Sunscreen and the American man

Valerie Goldburt, MD. Courtesy Advanced Dermatology P.C. and the Center for Laser and Cosmetic Surgery (New York & New Jersey).

Written by Valerie Goldburt, MD

All right, men, it’s that time — warm enough to spend the days outside, whether it’s hitting the sports fields, barbecuing with your friends or perfecting your tan line. However, it’s important not to be in the summer sun without practicing proper skincare.

In recent years, Centers for Disease Control and Prevention surveys discovered that only 14.3 percent of American men use sunscreen regularly, compared to 29.9 percent of American women. Additionally, 43.8 percent of men never use sunscreen on their faces and 42.1 percent never use it on other exposed skin. These statistics are alarming, especially for men with fair skin or a familial history of skin cancer. We can’t counsel patients enough that protective measures are the most important weapons to reduce the potential for skin cancer and premature skin damage and wrinkling.

UNDERSTANDING UV RAYS 

There are two types — UVA and UVB rays. UVA rays penetrate deeper into the skin, causing age spots and premature aging and increase the risk for skin cancer. UVB rays affect the skin more superficially yet can cause severe burns and skin cancer nonetheless. These forms of UV rays are most intense during the summer months, overcast or not. 

So here’s how to enjoy the sun while protecting your body’s largest organ from UV rays.

1) USE BROAD-SPECTRUM SUNSCREEN WITH AN SPF (SUN PROTECTION FACTOR) OF AT LEAST 50.

An SPF rating alone indicates protection against UVB rays but not necessarily UVA rays. While companies are still attempting to concoct sunscreens to diffuse UVA rays entirely, my recommendations are sunscreens labeled “broad-spectrum.” These sunscreens are the best protection against both UVA and UVB rays. 

2) REAPPLY SUNSCREEN EVERY HOUR.

If your broad-spectrum sunscreen has an SPF of 50, you should reapply the lotion every hour, especially if you’re perspiring or swimming. Sunscreens with higher SPFs (85+) can be reapplied less frequently. 

3) SEEK SHADE BETWEEN THE HOURS OF 10 A.M. and 2 P.M.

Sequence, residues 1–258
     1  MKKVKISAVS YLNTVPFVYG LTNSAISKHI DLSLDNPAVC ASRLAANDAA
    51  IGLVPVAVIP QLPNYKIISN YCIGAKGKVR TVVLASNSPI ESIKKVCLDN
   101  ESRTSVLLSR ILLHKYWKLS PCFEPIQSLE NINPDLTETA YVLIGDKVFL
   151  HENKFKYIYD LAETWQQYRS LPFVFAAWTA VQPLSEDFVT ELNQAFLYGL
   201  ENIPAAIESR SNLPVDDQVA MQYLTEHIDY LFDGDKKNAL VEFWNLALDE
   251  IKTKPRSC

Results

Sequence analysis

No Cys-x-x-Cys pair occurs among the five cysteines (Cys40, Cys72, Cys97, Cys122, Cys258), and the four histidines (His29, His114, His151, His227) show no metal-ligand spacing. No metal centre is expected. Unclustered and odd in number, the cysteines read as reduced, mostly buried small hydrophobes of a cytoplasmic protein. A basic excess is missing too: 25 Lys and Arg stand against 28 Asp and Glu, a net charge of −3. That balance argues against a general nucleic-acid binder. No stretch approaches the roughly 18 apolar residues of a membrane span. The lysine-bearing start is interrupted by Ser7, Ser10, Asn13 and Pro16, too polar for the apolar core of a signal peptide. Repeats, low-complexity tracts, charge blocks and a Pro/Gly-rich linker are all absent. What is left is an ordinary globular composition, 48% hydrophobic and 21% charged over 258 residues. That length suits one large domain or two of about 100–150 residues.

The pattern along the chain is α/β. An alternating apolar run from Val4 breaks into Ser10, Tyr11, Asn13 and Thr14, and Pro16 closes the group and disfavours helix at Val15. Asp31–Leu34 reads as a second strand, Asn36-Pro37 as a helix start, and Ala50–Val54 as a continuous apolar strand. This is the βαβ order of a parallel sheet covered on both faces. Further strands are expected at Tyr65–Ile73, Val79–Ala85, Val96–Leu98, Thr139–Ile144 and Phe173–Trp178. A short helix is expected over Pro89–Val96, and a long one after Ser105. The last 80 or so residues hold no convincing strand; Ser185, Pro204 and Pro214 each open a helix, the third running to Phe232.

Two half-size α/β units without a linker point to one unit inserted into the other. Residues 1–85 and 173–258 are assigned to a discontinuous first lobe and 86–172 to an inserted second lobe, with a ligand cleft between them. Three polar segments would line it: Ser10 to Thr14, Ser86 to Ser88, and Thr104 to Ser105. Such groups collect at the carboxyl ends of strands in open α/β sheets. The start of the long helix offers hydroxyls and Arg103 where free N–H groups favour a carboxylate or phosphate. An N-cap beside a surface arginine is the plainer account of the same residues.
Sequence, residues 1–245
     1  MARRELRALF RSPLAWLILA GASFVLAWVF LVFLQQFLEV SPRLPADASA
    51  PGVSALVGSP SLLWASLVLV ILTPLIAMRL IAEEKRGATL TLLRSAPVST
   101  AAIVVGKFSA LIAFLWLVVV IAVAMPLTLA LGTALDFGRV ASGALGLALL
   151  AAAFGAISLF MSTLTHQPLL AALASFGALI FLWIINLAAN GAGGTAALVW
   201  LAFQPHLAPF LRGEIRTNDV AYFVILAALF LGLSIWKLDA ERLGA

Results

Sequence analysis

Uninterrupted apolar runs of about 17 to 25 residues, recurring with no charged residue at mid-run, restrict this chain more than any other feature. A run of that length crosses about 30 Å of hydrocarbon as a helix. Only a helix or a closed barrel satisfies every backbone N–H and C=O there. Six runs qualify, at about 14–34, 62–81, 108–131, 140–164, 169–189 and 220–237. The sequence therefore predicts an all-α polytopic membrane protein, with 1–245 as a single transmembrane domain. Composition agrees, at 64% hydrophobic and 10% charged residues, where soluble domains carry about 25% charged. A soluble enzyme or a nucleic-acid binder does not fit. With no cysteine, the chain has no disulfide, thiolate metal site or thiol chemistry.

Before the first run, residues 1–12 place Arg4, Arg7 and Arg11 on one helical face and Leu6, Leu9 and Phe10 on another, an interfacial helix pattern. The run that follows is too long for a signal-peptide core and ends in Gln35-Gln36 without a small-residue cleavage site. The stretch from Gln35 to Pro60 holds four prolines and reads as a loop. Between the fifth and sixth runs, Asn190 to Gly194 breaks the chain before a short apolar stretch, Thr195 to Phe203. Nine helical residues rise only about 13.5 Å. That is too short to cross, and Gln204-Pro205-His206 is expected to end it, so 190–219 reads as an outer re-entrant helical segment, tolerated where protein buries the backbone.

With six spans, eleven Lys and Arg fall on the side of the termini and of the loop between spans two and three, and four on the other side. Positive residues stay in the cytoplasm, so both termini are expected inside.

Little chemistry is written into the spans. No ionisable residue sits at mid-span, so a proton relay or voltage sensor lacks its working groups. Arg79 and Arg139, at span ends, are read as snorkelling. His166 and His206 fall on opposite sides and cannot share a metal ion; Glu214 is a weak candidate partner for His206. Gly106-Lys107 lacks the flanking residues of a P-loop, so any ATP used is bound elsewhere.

This time frame, especially during the summer, is when the sun’s rays are the most intense. It’s wise to limit your activity outside during this period. But if you do need to be outdoors between 10 a.m. and 2 p.m. make sure you are disciplined about the type of sunscreen and its reapplication, as mentioned above. 

4) WHEN POSSIBLE, WEAR LONG SLEEVES AND PANTS. 

Sunscreens are no guarantee to prevent all sunburns. While not always feasible during the hot months, the best way to prevent skin damage is to cover your skin entirely. Light colored, light fabric shirts with long sleeves provide you with skin protection and keep you cool. Pants are also effective. (I often see patients with skin cancer on their legs.) So if you are going to wear long sleeves, especially during July and August, make sure you hydrate properly to avoid heat exhaustion. This means drink water or Gatorade before you become thirsty.

5) HATS AND SUNGLASSES ARE IMPORTANT, TOO. 

Hats can be extremely beneficial to protecting the skin on your face. I highly recommend wearing large brim hats that provide shade for your face. And on behalf of my friends in ophthalmology, I’d also like to stress the importance of sunglasses. UV rays can be harmful to the eyes, so effective sunglasses are highly recommended.

6) DON’T UNDERESTIMATE THE SUN ON COOL AND/OR CLOUDY DAYS. 

People tend to think that overcast days can’t damage their skin, or that cool weather diminishes the harmful UV rays. Here I want to stress the distinction between heat and UV rays. Just because the sun may be partially blocked and the temperature may be a bit cooler than usual, that doesn’t mean that the sun’s UV rays can’t burn your skin. 

Skin damage can be tough to treat but easy to prevent. So guys (and gals) please take that extra moment to protect your skin. It will reduce your risk of skin cancer and you’ll have healthier skin. 

For more, visit advanceddermatologypc.com.

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